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Diets Don’t Work

Diets don’t work and can lead to binge eating

Do you know why?


 
1. Your body adapts to the caloric restriction in dieting; the less you eat, the less it uses. Which means to maintain weight loss, you must ALWAYS continue to further restrict.

2. Deprivation from dieting creates food cravings, which can lead to binge eating; we are biologically designed to obsess about food when we are hungry OR when we forbid ourselves certain foods. Rigidly limiting food sets you up to crave larger quantities of that very food and creates fears that there won’t be enough. Binge eating means that diets don’t work!

3. “Blowing a diet” causes a release in food inhibitions and can lead to overeating or binge eating.

4. Fasting or restricting food during a diet turns ON the neurochemical switches that induce us to eat, which can lead to overeating after deprivation. This is a biological drive, not willpower.

 

5. Diets don’t adapt to changes in your body, so they are never truly satisfying.

6. Dieting disconnects you from feelings of hunger and satiety, making you less likely to trust your own body and know when to eat and when to stop.

Remember, every diet you have “failed” was your body telling you diets don’t work. You didn’t fail, the diet failed you.

Are you an intuitive eater? Take this quiz and find out.

Click here to review the Cycle-of-the-Typical-Dieter. Does this seem familiar to you?

Check out the National Eating Disorder Association’s advice: Listen to Your Body

If Diets Don’t Work, Then What?

binge eating treatment in houston

Many people feel fearful without having the external control of the diet. Some think, if I’m not dieting, I’ll get out of control and gain weight! While these fears are certainly valid, the truth is that once your body becomes used to the availability of regular food, it will stabilize at a natural weight. So, how to get started? If you are not struggling with an eating disorder, you can begin by practicing intuitive eating and evaluating all the factors in your life (physical, emotional, mental, external, spiritual and so forth) that can trigger the diet-overeat cycle. If you think you could be struggling with an eating disorder, or disordered eating patterns, it’s best to heal the eating disorder first through eating disorder treatment. A therapist specializing in food and body image issues can help you either way.

End the food struggle and make peace with food! Check out our make peace with food program to try an attuned mind and body approach to coping with emotional eating, binge eating and compulsive overeating.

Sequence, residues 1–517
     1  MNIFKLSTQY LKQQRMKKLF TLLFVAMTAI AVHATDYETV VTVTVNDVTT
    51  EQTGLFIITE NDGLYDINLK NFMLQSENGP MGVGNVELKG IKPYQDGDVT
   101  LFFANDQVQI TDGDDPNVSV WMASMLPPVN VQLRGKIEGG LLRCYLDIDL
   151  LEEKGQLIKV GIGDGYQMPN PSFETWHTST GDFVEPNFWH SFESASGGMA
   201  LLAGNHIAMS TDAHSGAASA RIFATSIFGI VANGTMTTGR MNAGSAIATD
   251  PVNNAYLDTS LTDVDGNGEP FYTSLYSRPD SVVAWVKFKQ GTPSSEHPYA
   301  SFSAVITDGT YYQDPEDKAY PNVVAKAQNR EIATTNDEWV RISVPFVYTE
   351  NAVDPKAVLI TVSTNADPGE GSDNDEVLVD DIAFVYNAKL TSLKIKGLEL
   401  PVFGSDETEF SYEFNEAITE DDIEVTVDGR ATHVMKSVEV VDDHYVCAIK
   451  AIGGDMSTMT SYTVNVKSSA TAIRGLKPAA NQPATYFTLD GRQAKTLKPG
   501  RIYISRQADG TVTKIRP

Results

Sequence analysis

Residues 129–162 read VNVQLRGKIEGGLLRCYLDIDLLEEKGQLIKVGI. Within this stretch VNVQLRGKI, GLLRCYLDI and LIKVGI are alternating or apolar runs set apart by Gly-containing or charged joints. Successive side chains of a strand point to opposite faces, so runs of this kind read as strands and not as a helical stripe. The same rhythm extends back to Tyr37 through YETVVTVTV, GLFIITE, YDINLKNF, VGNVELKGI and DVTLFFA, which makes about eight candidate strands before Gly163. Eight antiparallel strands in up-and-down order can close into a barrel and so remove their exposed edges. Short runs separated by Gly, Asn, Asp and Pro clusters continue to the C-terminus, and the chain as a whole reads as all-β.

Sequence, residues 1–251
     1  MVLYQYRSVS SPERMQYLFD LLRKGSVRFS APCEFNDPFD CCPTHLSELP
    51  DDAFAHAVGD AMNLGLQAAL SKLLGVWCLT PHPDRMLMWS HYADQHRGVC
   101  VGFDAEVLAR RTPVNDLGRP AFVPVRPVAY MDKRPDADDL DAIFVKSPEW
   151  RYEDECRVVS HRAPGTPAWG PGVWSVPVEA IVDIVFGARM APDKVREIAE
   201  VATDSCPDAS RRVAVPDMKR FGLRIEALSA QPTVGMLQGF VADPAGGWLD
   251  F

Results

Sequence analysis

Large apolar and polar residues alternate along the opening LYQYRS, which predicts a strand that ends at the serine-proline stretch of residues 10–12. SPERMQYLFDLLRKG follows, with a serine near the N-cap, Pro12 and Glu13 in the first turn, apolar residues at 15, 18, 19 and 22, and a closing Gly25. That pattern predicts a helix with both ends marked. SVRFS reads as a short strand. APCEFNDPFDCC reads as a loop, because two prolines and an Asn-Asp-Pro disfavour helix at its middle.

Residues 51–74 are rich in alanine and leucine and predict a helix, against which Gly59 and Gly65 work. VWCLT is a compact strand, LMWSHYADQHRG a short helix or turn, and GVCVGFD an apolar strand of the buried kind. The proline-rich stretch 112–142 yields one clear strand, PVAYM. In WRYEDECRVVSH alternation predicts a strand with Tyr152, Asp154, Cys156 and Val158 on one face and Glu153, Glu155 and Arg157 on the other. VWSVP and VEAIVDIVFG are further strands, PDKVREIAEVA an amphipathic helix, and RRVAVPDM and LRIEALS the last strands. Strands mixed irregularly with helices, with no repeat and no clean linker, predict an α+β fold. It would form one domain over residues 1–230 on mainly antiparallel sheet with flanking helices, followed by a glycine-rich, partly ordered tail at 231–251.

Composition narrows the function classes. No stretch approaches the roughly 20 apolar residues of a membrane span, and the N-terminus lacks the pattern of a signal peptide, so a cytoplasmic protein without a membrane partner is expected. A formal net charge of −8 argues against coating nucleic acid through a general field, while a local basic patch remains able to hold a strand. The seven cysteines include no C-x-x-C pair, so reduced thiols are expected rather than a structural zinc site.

Want more help with food and body issues?

Click here to learn more or attend our Houston workshop, Make Peace with Food, Mind, Body & Emotions to get a jump start to help you understand why you’re eating too much and what to do about it.  Participate in our 12-week group program to go in depth on making lifelong peace with food, mind, body & emotions.

To get started now give us a call to schedule an appointment at 832-559-2622 or schedule an appointment online.

Sign up to be notified of group and workshop dates.

Recommended Reading:

 

Binge Eating HoustonIntuitive Eating, 3rd Edition

We’ve all been there—angry with ourselves for overeating, for our lack of willpower, for failing at yet another diet. But the problem is not us; it’s that dieting, with its emphasis on rules and regulations, has stopped us from listening to our bodies.

 

Binge Eating HoustonThe Diet Survivor’s Handbook: 60 Lessons in Eating, Acceptance and Self-Care

If you’re one of the nearly 116 million Americans trying to lose weight, only to find that every diet you’ve tried has failed you, you are a diet survivor. You can step off the destructive diet bandwagon and reclaim your self-esteem, positive body image and a happy, healthy life. These 60 inspiring lessons will give you the tools you need to change your relationship with food, your body and yourself.

 

Binge Eating HoustonWomen Food and God: An Unexpected Path to Almost Everything

Geneen Roth adds a powerful new dimension to her work in Women Food and God. She begins with her most basic concept: The way you eat is inseparable from your core beliefs about being alive. Your relationship with food is an exact mirror of your feelings about love, fear, anger, meaning, transformation and, yes, even God.

Rachel Eddins, M.Ed., LPC-S, CGP on Twitter
Rachel Eddins, M.Ed., LPC-S, CGP
Rachel’s passion is to help people discover their personal gifts and strengths to achieve self-acceptance, create a healthy relationship with food, mind and body, and find meaning and fulfillment in work and life roles. She helps people create nurturance and healing from within to restore balance and enoughness and overcome binge eating, emotional eating, anxiety, depression and lack of career fulfillment.

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